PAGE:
Well David, you follow the mining industry very closely, and to start out here I wanted to have you comment on the current situation with the miners. We've had a prolonged period of low spot prices, and I know it's got to be crushing mining industry companies, for many it's really just a matter of survival right now. So what are you seeing there, and what effect is this having on supply, specifically silver?
David Smith: It's difficult to make an across the board statement about where the miners are, or how they're responding because some of the biggest ones like Glencore, are still almost in death throws in terms of getting their act back together again, and sell off assets, this type of thing. But what I'm really encouraged by, and especially in regard to silver, are what I would call the primary silver producers, and as many as your listeners know about 70% of all the world's silver comes from base metal producers. For example, BHP Billiton is an example. The silver that they produce, even if it's millions of ounces a year, is just small potatoes for them because they make most of their money on lead, zinc, and copper, and even uranium.
But the primary silver producers, which there are less than two dozen in the world, get most of their income from silver itself, and they tend to be in Mexico, and Peru, and some of these locations. They also produce a fair amount of lead, zinc as well, and even a certain amount of gold. But their primary money comes from silver.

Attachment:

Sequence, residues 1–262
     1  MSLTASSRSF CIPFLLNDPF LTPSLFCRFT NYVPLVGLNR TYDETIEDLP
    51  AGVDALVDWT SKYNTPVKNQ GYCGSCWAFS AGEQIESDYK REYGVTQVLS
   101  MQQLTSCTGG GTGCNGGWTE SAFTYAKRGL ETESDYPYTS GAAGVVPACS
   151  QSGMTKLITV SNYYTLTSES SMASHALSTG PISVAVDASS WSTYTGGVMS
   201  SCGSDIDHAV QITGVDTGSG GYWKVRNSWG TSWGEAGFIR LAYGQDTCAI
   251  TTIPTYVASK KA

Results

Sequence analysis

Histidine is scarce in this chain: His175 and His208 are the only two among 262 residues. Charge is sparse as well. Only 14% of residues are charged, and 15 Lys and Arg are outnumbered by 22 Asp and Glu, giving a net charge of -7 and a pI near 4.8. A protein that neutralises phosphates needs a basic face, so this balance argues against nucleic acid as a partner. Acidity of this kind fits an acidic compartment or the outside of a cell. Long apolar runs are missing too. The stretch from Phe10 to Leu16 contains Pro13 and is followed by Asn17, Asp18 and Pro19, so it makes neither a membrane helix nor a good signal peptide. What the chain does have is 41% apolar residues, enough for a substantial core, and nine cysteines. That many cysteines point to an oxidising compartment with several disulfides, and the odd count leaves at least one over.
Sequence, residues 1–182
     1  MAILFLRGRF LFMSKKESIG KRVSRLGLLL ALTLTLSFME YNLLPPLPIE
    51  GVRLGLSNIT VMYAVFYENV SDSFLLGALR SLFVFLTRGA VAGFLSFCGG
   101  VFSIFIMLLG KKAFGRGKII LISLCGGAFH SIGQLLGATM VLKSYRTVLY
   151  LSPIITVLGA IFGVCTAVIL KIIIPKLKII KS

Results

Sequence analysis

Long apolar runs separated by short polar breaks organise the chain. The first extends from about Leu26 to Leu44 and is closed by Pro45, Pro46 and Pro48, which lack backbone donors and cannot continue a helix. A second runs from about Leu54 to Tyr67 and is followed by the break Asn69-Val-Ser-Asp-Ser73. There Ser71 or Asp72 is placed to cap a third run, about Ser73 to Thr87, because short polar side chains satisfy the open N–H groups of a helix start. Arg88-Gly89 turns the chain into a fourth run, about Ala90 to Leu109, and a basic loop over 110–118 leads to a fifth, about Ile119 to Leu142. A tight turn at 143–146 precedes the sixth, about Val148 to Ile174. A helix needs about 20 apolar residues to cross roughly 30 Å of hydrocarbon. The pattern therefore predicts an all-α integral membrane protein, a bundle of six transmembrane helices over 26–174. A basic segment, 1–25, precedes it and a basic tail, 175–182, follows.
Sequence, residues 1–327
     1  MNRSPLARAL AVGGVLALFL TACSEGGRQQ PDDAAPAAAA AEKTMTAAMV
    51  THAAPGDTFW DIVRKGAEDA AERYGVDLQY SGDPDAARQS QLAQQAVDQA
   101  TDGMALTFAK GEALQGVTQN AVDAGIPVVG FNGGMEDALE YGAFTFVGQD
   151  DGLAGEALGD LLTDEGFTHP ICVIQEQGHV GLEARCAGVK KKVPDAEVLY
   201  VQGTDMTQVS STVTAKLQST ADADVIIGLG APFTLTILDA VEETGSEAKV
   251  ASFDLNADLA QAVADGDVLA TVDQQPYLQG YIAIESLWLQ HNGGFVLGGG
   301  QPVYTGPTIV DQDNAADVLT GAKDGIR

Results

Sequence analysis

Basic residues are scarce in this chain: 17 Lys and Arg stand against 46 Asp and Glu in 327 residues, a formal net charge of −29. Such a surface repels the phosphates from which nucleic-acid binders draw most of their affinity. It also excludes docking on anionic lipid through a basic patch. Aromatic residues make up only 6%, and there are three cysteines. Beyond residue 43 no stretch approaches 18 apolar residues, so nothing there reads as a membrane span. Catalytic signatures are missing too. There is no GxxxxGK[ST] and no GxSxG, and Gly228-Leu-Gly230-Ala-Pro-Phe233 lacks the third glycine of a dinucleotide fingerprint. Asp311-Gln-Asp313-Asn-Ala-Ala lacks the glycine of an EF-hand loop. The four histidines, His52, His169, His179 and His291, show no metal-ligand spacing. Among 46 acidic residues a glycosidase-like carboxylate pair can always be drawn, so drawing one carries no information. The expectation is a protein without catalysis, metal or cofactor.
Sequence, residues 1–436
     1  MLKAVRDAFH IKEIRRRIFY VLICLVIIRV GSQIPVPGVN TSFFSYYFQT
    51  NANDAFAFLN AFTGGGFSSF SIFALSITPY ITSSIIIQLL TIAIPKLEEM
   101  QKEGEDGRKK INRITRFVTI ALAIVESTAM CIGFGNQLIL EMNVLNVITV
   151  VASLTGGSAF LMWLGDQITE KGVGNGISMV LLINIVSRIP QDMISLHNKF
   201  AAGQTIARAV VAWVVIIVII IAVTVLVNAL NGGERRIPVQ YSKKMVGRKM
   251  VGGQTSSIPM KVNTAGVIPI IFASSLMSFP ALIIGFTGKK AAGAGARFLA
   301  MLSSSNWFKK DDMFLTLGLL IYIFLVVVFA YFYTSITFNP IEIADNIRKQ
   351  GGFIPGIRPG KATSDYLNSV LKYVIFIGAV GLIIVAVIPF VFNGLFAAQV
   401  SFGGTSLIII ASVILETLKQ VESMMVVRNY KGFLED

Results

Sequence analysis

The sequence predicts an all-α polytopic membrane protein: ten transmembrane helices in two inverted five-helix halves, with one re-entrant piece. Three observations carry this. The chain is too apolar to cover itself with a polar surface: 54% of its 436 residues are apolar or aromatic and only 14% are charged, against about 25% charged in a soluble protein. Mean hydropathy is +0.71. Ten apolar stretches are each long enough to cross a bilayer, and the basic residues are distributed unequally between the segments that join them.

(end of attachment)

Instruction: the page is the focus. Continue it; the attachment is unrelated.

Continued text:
I'm looking at the charts on some of these, the ones that I follow, and they look very good to me, even as we have seen silver make new lows a few weeks ago, in the physical price, these stocks did not make new lows. In fact they were making and are still making, as you and I are talking, higher lows within the context of getting ready to make higher highs. So to me that's very encouraging, and some of these stocks I know very well, and I know their financial situation where they're actually at least trading dollars at the current prices, and they're going to be survivors. Those are the ones you want to watch for, and it looks to me like the mining sector is not going to completely blow away, although it has certainly looked like that over the last four and a half, to five years.
Mike Gleason: These mining companies, I would assume, at these prices are probably not exploring quite as much, and maybe that's going to hurt some of the silver production and silver supply in the coming years. It does take a while to get new projects on line. What are they doing in terms of exploration, and what kind of impact do you think that's going to have on the supply outlook?